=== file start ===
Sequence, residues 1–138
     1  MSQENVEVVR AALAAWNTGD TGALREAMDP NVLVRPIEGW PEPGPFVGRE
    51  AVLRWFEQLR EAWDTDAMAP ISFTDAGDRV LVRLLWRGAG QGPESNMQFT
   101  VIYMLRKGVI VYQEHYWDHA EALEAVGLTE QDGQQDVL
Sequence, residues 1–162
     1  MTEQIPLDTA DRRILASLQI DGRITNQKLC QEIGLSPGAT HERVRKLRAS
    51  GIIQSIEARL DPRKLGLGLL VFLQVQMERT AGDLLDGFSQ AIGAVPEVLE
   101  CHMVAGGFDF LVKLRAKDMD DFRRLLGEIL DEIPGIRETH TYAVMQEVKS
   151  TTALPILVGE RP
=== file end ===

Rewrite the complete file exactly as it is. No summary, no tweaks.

Sequence, residues 1–138
     1  MSQENVEVVR AALAAWNTGD TGALREAMDP NVLVRPIEGW PEPGPFVGRE
    51  AVLRWFEQLR EAWDTDAMAP ISFTDAGDRV LVRLLWRGAG QGPESNMQFT
   101  VIYMLRKGVI VYQEHYWDHA EALEAVGLTE QDGQQDVL
Sequence, residues 1–162
     1  MTEQIPLDTA DRRILASLQI DGRITNQKLC QEIGLSPGAT HERVRKLRAS
    51  GIIQSIEARL DPRKLGLGLL VFLQVQMERT AGDLLDGFSQ AIGAVPEVLE
   101  CHMVAGGFDF LVKLRAKDMD DFRRLLGEIL DEIPGIRETH TYAVMQEVKS
   151  TTALPILVGE RP